People want choice among doctors and hospitals, not insurance plans. This is especially important when they have complex medical conditions. And choice imposes costs.

Selecting among health plans is nerve-wracking and nearly impossible for people to optimize. Consumers have almost no usable information about plan rules and performance or out-of-pocket costs, and huge uncertainty about their own future health needs

And provider choice is sacrificed. MA plans usually sharply restrict choice of doctors, by relying on narrow provider networks and excluding many top referral doctors – all to trim costs.

Furthermore, the profusion of plan options is extremely disruptive. It forces doctors to deal with multiple payers (and payment models) and patients to change doctors if they switch plans (or doctor networks shift), creating costs and hassles, all distractions from optimal clinical care.

Assertion #5: Medicare Advantage has higher quality metrics.

MA plans know how to play to the measure – raise targeted quality metrics. But much more importantly, mortality is highly variable across MA plans, unrelated to quality ratings, with no way for beneficiaries to know. And quality is useless if MA enrollees experience financial barriers to care.

Assertion #6: Medicare Advantage reduces health care spending compared with traditional Medicare.

Finally, with gusto: Untrue in any meaningful way. Because:

First, reported savings are for medical care payments, not total costs. The care savings are more than offset by MA plan profits and administrative costs. Overall, MA increases insurance cost: medical spending down, profits and overhead up even more. This problem is accelerating in MA as private equity ramps up its role.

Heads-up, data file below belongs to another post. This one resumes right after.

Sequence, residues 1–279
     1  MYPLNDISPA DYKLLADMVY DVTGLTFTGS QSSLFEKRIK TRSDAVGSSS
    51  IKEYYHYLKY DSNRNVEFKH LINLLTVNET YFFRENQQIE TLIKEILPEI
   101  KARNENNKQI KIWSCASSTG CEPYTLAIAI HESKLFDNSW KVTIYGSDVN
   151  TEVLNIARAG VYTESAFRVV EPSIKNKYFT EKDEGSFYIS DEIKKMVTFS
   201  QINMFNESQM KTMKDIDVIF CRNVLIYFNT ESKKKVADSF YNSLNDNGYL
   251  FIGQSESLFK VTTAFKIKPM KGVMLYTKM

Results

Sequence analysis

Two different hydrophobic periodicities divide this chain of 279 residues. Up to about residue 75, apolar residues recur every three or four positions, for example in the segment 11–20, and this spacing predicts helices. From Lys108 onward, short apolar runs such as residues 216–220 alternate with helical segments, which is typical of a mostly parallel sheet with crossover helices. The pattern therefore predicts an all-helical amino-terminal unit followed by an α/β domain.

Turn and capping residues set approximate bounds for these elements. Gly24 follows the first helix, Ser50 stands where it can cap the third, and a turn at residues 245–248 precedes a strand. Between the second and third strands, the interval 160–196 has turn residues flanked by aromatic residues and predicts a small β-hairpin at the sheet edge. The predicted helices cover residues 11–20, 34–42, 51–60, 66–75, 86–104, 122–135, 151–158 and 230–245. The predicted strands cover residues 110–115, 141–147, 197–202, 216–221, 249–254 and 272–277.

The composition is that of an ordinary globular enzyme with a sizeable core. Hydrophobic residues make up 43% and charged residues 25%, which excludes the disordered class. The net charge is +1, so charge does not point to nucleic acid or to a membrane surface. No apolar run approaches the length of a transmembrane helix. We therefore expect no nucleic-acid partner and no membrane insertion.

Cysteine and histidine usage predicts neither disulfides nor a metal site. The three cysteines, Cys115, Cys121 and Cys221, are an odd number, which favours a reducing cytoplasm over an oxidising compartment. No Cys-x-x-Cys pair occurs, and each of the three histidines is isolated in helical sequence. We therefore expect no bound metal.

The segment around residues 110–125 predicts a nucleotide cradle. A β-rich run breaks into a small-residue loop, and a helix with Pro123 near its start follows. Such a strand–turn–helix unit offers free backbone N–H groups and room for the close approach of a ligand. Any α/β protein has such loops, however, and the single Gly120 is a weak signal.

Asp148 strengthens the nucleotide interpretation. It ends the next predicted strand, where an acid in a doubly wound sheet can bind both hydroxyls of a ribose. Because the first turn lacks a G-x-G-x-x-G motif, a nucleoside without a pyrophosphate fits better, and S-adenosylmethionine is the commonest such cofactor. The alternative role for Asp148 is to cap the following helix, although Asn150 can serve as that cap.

Second, savings in medical care costs are achieved by reducing service use in ways that are often harmful to patients. Plans deny care via prior authorization using obscure criteria. Small provider networks can mean the best care is out of network. And MA plans impose out-of-pocket costs, such as high deductibles and other cost-sharing, that is often unmanageable when people get sick and thus need more care. 

Third, MA selects for lower cost individuals, leaving higher cost enrollees in traditional Medicare. The clearest recent evidence of this comes from a 2019 study of spending prior to MA enrollment.

Authors’ financial conflict of interest.

The authors disclose, as required by medical journals, significant financial connections to the private insurance industry. Does this influence their views? Impossible to say, but important to have this information.

Let’s stick with the plan: single payer, Medicare for All, with direct payment from the public funder to providers. No for-profit insurers in the mix. This is what works in all the other wealthy countries. It will work for us.